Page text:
Los Angeles-based fashion brands Buck Mason and For Love & Lemons have collaborated to tell a love story–and market their respective clothing lines–in two separate short films dubbed Homeward, which are both being released online November 11.
While one of the Homeward films, titled Lost shares the story from the perspective of the man in the relationship, a native Texan (played by Travis Farris) who lives in Los Angeles and longs to return home to the ranch, we see the situation from the point-of-view of the woman who loves her boyfriend but doesn’t want to leave L.A. and the life and career she has built there in Found, the other film. (You might recognize the actress in this role–her name is Jessy Schram, and she played Pete Campbell’s real estate agent girlfriend Bonnie Whiteside on Mad Men last season.)
In a bit of a departure from typical fashion films, the story, settings, and actors are all quite relatable, which was the idea given that Buck Mason is a down-to-Earth brand, known for its American-made basics for men.
The Homeward project actually originated at Buck Mason, an upstart co-founded just last year by Sasha Koehn and Erik Schnakenberg, and at the outset, there were no plans to partner with another brand. Director Phillip Montgomery had approached the guys with the idea of making a film that embodied the values of Buck Mason, and Koehn and Shnakenberg, who have thus far eschewed traditional advertising, loved the idea. “We want to introduce our brand to new customers in the most authentic way possible, which also requires (our) being a lot smarter and a lot more creative than jumping into a traditional paid media strategy,” Koehn says. “So we continually try to push the barriers and limits on content whether it’s video, photography, or writing that we can distribute to communicate with new customers.”
After that initial pitch, Montgomery ultimately returned to Koehn and Shnakenberg with a script and story designed to explore the idea of where home is, which relates to Buck Mason’s dedication to bringing manufacturing back home by producing its clothes in the U.S.
How did one film become two? “As Phil kept revising the script, he saw the female lead becoming more and more complex and a bigger part of what we were doing, and then somewhere along the line, I think it might have been Sasha that said, ‘What if this was two films?’” Shnakenberg recalls, adding, “When it became two films, that was when it seemed logical to let the female film embody a female brand, and we realized that could be interesting from a marketing perspective.”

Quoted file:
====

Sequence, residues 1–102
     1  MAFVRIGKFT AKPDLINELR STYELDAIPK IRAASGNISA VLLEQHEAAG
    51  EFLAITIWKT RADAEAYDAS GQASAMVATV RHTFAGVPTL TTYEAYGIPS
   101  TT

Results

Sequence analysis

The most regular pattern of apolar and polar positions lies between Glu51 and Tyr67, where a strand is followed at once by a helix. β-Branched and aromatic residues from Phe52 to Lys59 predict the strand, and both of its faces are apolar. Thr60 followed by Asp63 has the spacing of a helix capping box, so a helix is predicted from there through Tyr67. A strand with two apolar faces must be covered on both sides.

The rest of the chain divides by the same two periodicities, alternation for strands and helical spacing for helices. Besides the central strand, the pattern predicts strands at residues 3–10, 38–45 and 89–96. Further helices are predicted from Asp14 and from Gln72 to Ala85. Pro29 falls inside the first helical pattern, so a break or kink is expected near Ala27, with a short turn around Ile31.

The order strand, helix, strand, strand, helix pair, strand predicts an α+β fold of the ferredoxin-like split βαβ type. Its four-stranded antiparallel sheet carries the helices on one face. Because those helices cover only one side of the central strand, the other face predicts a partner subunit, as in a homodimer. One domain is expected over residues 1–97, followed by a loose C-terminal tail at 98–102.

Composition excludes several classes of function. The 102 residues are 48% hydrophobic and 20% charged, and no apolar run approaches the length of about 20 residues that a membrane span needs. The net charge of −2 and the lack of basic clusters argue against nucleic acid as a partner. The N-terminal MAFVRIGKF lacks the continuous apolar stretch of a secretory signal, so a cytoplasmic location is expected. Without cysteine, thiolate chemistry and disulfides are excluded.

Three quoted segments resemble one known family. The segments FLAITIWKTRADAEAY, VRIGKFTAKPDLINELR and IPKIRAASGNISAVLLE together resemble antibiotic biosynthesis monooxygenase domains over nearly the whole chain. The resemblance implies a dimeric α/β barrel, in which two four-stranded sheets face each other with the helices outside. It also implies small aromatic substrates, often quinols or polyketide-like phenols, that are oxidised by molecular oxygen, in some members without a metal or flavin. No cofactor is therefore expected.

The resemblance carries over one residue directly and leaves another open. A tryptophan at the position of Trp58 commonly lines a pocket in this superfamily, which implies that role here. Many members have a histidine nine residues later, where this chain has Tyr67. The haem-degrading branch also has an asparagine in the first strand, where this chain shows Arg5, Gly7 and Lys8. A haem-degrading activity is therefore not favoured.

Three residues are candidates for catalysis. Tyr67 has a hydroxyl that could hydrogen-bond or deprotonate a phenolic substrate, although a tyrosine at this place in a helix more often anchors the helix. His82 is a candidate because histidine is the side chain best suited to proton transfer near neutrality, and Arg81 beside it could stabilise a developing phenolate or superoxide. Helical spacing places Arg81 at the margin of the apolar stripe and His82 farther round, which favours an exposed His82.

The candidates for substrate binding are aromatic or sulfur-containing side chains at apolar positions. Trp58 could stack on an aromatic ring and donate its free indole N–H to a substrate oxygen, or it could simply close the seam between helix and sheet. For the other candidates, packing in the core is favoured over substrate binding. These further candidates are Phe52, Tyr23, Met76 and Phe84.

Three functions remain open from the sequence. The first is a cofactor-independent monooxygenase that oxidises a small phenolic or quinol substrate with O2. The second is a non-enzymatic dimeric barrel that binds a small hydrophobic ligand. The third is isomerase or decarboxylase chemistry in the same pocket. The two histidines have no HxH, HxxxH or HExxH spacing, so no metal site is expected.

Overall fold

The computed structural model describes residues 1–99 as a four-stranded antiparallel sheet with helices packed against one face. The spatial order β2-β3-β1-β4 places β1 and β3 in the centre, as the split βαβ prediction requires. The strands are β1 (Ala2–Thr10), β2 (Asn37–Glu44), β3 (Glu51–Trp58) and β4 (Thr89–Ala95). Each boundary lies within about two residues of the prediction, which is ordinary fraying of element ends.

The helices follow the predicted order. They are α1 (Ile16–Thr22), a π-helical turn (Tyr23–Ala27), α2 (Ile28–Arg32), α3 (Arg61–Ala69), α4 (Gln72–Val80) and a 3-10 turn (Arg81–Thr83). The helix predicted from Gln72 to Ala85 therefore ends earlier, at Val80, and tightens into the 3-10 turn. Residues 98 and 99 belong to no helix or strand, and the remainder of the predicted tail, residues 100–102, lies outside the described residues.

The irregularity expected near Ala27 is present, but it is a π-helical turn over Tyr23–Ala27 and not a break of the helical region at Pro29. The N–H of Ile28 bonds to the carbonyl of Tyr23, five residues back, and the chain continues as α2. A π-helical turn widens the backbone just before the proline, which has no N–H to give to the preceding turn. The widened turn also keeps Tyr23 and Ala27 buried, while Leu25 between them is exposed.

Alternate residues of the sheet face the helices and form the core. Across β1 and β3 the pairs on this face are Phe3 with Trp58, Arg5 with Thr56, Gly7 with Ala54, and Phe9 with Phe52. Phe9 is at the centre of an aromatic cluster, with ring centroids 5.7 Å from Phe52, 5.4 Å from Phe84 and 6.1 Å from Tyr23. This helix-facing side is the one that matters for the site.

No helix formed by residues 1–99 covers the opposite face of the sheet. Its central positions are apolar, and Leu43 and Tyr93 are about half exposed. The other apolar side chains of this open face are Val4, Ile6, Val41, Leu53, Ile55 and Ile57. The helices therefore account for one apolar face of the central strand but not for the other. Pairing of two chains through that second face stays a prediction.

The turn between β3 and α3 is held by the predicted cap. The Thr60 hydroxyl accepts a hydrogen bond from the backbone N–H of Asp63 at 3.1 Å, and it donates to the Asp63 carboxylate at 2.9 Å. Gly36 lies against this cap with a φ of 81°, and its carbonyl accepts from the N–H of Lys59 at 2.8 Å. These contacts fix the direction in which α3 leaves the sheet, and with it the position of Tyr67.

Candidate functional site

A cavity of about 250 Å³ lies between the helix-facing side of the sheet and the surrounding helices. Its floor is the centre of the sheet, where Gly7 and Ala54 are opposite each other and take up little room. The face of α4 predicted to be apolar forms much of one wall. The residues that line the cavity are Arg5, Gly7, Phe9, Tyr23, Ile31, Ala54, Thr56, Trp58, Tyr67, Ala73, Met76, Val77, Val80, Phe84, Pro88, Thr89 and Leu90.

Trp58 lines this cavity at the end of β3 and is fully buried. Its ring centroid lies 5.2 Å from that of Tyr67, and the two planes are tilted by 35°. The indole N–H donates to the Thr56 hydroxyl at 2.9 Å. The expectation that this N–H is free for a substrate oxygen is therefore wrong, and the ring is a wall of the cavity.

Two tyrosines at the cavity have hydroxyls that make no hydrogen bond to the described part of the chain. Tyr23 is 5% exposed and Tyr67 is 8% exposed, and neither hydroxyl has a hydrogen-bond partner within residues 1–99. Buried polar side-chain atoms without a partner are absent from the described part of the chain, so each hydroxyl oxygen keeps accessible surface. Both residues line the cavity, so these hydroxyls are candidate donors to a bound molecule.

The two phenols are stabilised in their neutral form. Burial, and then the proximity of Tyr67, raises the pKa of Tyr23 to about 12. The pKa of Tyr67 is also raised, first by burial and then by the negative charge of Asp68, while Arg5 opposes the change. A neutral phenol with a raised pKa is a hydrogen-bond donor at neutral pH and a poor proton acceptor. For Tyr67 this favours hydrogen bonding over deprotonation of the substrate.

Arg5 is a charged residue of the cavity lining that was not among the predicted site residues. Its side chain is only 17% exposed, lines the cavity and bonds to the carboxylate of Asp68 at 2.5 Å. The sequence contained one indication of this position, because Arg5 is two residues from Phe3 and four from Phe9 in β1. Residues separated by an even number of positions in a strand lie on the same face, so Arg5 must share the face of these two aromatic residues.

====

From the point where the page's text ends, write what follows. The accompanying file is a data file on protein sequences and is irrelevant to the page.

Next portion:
So Buck Mason set out to find a female-oriented brand to work with, and For Love & Lemons rose to the top of the list. While the Buck Mason guys had never worked with Gillian Rose Kern and Laura Hall, the designers behind For Love & Lemons, which has more than 800,000 Instagram followers, they were acquaintances with offices nearby in L.A.’s downtown arts district, and Koehn and Shnakenberg were fans of the line from a pair who started their company back in Jackson Hole, Wyoming before moving to the West Coast. “They have this sexy, contemporary, relevant brand, and their design is fantastic,” Shnakenberg says.
And there is synergy here: It certainly doesn’t hurt to introduce the For Love & Lemons female customer base to Buck Mason, Koehn points out, noting that the boyfriends and husbands of these women are potential customers of the menswear brand.
Like the team from Buck Mason, the crew from For Love & Lemons was an active participant in the making of the films, produced by Man Made Content (a new media content studio co-founded by Koehn), working on costume design and allowing co-directors Montgomery and Josh Franer, who was also cinematographer and is a partner in Buck Mason as well as one of the founders of Man Made Content, access to their office where they shot much of the second film.
The production crew also went on location to Decatur, Texas, shooting at a ranch for 10 days. “Our lead actor is from Texas, and he’s lived in LA for 10 years, and the moment he set foot on Texas soil, he became a completely different guy. He was so into that character. He was just a cowboy. It was so wild,” says Koehn, who was there for the shoot with Shnakenberg.
Beyond the two Homeward films, Buck Mason is bringing the marketing effort to Instagram beginning November 11, with the brand relying on content partners to help seed the hashtag #letsdefinehome. The hope is that people will extend the conversation generated by the film by contributing images that represent what home means to them.